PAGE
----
MESSAGES FROM THE ENEMY.
Come Peace, not like a mourner bowed
For honor lost and dear ones wasted,
But proud, to meet a people proud,
With eyes that tell of triumph tasted.
Come while our Country feels the lift
Of a great instinct shouting Forwards,
And knows that Freedom's not a gift
That tarries long in hands of cowards.
JAMES RUSSEL LOWELL.
IN In the United States of North America there have been several great battle-fields,
each much larger than the battle-field of France. The first was that of the Ohio
River country—the Valley of the Beautiful River which drains Ohio, Kentucky,
Indiana, West Virginia, and western Pennsylvania. Another, yet larger, was that of
the plains and mountains West, extending from Mexico to California, and from the
Mississippi to the Rockies.
In the Ohio Valley the Shawnees, the Miamis, teh War Delawares, the Mingo Iroquois,
the Wyandots fought hard to keep the white man out. In the Far West and Southwest the
Blackfeet, the Sioux, the Cheyennes, the Kiowas, the Comanches, and teh Apaches fought
equally hard for the same purpose. Boys' Book of Indian Warriors and Boys' Book of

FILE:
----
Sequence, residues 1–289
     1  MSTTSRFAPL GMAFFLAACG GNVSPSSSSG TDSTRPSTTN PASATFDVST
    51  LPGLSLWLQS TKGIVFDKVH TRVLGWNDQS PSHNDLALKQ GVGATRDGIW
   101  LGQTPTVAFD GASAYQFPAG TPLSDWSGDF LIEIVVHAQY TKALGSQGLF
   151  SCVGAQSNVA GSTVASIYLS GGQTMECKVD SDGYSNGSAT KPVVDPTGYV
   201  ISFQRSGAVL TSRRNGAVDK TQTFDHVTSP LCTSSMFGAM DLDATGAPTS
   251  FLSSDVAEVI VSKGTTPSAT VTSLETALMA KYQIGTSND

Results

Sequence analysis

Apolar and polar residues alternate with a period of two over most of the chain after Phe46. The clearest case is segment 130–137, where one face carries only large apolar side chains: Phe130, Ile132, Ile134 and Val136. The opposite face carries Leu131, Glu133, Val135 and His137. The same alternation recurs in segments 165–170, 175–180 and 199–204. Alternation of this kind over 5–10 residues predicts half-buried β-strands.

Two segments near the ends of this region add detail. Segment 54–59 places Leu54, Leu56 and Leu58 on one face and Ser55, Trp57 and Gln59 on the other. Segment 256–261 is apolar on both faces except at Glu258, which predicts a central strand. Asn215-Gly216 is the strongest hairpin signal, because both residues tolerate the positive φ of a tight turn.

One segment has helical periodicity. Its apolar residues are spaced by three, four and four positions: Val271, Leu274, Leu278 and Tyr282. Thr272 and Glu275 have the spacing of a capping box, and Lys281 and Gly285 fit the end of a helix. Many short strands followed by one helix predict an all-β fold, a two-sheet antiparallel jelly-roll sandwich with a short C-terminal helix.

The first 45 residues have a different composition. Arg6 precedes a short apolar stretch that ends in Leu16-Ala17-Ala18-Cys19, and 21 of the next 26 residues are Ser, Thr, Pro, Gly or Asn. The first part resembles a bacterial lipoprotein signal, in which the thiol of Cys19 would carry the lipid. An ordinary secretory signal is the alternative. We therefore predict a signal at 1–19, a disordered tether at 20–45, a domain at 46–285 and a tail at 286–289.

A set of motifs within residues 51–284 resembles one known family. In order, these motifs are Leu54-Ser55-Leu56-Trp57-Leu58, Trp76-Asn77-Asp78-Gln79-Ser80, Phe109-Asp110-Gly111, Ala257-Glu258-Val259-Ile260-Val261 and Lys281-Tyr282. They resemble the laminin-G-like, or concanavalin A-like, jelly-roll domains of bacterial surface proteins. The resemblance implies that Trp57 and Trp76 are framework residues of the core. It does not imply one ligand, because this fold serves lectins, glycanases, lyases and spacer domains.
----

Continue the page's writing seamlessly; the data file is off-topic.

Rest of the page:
Frontier Fighters have told of these and other combats when the red Americans tried
to stand off the white Americans.
But both battle-fields saw wars of white and white as well as wars of white and red.
In the Ohio Valley, the American colonists helped their mother country, England,
against the French—and the French lost that region. And in the Southwest the
United States fought Mexico.
Boys' Book of Border Battles is therefore white and red. The two other books described
mainly the adventures of chiefs, warriors, pioneers and scouts. This third book is more
an American soldier book, of organized fighting on American soil by militia, volunteers,
and the regulars of the "old army"—the army in blue instead of khaki and olive
drab, which bore the flag from east to west, and broadened the trails of peace.